A few nice Denver Nuggets images I found:
Nets Vs. Denver Nuggets 10/4/09, Izod Center
Image by Bari D
Image from page 277 of “Marvels of the new West : a vivid portrayal of the stupendous marvels in the vast wonderland west of the Missouri River : comprising marvels of nature, marvels of race, marvels of enterprise, marvels of mining, marvels of stock-rai
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Title: Marvels of the new West : a vivid portrayal of the stupendous marvels in the vast wonderland west of the Missouri River : comprising marvels of nature, marvels of race, marvels of enterprise, marvels of mining, marvels of stock-raising, and marvels of agriculture, graphically and truthfully described
Year: 1887 (1880s)
Authors: Thayer, William Makepeace, 1820-1898
Publisher: Norwich, Conn. : Henry Bill Pub. Co.
Contributing Library: Harold B. Lee Library
Digitizing Sponsor: Brigham Young University
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Text Appearing Before Image:
ew a hand-cart, containing their effects, fromLeavenworth, Kan., to Denver, Col., a distance of six hundred miles.On the way they crossed the route of a team from Texas, ladenwith flour and other stores. This gentleman purchased a sack offlour of the teamster, and transferred it to the hand-cart. On reach-ing Denver, where some thirty men had wintered, he found a scarcityof provision, and the Cherry Creek gold mania a delusion. There 236 MARVELS OF THE NEW WEST. was not a spoonful of flour in the camp ; and as the search for goldhad proved vain, there was a general desire among the men to escapefrom their dilemma. Our informant was offered a corner lot forone-half of his sack of flour, and two other lots in addition, for thewhole of it. He refused the offer, thinking that he might need it tokeep his own soul and body together. Neither he nor any one elsedreamed of the influx of people, in six weeks from that time, whenthey came by the thousand ; otherwise he would have parted with the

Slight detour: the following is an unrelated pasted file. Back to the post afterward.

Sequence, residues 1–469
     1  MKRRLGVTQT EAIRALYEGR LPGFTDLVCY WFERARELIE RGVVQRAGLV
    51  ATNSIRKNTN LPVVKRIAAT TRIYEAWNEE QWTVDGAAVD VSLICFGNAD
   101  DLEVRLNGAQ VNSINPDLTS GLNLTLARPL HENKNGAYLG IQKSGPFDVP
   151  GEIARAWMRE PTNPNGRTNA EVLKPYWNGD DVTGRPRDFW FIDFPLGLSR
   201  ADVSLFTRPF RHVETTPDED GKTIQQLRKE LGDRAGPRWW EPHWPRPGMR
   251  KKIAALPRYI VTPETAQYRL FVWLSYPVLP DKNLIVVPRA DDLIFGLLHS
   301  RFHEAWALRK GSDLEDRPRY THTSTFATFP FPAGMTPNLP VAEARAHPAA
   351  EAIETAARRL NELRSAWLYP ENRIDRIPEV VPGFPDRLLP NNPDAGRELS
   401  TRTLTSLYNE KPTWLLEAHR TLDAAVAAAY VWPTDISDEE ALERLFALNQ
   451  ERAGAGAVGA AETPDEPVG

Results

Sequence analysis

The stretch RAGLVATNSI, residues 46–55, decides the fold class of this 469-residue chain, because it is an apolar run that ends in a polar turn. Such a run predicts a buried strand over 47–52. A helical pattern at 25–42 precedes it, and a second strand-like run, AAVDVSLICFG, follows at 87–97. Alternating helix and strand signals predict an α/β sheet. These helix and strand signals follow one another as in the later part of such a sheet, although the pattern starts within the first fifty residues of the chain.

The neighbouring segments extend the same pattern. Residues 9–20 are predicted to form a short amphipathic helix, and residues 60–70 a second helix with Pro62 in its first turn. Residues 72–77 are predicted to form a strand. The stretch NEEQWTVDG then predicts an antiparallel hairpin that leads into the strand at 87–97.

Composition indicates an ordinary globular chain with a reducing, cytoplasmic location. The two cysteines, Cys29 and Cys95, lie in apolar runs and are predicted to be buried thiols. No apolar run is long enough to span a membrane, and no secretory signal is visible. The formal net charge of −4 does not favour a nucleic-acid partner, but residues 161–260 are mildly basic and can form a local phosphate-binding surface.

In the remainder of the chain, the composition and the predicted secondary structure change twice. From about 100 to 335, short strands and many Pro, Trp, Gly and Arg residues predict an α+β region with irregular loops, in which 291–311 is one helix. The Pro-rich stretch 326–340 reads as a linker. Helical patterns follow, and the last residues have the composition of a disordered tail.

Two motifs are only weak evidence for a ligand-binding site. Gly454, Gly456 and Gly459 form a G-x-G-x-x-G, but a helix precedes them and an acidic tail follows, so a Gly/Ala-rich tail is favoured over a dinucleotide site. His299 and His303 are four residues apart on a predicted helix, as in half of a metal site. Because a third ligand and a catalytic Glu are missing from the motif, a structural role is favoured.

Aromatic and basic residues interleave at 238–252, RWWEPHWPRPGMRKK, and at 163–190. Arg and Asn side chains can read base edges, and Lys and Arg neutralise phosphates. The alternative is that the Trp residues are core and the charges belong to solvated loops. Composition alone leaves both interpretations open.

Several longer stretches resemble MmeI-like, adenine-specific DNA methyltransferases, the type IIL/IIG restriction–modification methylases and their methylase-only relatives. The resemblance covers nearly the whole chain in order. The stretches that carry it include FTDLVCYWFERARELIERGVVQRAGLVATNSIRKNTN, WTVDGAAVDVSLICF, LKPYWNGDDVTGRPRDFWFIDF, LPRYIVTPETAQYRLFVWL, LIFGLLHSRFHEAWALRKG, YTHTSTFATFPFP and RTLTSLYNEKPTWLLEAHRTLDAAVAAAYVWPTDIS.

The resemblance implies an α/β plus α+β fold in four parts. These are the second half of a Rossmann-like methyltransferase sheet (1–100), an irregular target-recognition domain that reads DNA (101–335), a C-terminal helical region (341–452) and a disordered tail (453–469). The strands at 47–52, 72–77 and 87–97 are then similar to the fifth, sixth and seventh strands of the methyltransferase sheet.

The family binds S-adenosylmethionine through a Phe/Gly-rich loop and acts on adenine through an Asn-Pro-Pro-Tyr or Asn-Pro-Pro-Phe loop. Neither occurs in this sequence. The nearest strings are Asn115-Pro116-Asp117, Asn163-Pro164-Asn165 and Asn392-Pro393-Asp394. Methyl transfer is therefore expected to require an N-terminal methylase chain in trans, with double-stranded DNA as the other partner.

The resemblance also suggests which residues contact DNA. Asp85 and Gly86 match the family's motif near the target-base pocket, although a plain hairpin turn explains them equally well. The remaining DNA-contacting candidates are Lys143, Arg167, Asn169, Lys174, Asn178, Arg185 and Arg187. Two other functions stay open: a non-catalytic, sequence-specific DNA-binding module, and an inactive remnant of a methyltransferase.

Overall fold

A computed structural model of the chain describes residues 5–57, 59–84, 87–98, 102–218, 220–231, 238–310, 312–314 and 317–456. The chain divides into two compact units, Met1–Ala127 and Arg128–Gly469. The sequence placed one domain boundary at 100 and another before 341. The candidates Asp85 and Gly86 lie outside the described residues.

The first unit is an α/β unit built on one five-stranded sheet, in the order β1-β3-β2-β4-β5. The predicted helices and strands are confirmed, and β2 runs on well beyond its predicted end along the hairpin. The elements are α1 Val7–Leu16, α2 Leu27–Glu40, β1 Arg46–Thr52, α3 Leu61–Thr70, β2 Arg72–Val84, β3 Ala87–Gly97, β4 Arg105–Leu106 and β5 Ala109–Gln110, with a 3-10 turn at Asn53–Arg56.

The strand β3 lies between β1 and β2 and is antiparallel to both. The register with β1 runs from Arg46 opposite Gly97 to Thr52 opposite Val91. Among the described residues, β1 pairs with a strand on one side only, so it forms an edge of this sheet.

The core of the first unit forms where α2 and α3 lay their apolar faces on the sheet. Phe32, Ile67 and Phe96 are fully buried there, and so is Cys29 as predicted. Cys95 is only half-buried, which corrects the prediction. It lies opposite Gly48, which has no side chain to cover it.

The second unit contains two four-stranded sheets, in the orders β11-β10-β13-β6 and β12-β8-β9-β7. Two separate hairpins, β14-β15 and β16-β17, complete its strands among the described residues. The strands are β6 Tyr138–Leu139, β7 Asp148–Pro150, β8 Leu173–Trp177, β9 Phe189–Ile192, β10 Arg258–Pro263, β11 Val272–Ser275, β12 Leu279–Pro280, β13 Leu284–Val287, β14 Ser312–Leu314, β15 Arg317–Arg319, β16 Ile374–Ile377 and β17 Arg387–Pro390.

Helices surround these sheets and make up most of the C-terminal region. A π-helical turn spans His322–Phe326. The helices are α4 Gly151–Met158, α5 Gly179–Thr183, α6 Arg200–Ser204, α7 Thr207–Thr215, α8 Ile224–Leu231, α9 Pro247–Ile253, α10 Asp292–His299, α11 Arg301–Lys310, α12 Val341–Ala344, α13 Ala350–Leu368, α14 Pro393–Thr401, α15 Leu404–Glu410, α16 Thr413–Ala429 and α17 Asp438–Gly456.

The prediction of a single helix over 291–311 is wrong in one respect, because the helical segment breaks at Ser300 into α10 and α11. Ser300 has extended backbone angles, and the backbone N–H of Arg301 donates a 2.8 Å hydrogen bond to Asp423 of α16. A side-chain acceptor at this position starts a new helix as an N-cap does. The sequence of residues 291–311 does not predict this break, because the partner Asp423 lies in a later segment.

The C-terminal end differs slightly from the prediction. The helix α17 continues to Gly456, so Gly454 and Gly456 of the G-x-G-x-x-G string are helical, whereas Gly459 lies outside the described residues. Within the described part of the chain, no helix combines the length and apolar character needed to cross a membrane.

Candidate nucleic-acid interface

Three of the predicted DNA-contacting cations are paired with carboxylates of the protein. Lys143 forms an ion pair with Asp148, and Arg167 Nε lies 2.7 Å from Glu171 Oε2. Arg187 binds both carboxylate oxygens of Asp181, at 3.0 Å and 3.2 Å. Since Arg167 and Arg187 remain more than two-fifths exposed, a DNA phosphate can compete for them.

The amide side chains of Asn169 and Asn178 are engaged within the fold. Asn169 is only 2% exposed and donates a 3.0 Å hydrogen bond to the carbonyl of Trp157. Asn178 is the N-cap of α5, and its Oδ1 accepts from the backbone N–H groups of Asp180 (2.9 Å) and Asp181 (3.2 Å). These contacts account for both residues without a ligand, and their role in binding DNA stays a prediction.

Text Appearing After Image:
CROSSING THE PLAINS WITH A HAND-CART. flour. Had he sold it for the three *lots, he would have realized,within three or six months, from eight thousand to ten thousanddollars for his sack of flour. ♦ It is not strange that many of the best class of gold-seekers startedhomeward soon after reaching the gold country. Privations andhome-sickness forced their return. In addition, a large class of shift-less characters, who supposed that nuggets of gold could be pickedup anywhere in the vicinity of the Rocky Mountains, were maddenedby disappointment, and they, too, stampeded. So that, for two or MARVELS OF ENTERPRISE, 237 three years, and longer, perhaps, the plains witnessed two largestreams of humanity, one going to, and the other returning from, thegold country. The white-covered wagon that bore the inscription Pikes Peak or Bust on its outward trip, returned with this inscrip-tion under the former, Busted by Thunder. Most of them declaredthat Pikes Peak as a gold region was a hoax. On
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